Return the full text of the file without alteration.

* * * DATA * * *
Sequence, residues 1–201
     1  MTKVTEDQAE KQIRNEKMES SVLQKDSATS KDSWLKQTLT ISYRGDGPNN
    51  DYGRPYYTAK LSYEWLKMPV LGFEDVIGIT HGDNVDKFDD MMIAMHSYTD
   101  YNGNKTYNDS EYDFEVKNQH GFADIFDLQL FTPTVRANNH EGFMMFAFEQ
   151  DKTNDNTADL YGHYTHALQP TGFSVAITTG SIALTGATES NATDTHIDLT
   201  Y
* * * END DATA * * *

Sequence, residues 1–201
     1  MTKVTEDQAE KQIRNEKMES SVLQKDSATS KDSWLKQTLT ISYRGDGPNN
    51  DYGRPYYTAK LSYEWLKMPV LGFEDVIGIT HGDNVDKFDD MMIAMHSYTD
   101  YNGNKTYNDS EYDFEVKNQH GFADIFDLQL FTPTVRANNH EGFMMFAFEQ
   151  DKTNDNTADL YGHYTHALQP TGFSVAITTG SIALTGATES NATDTHIDLT
   201  Y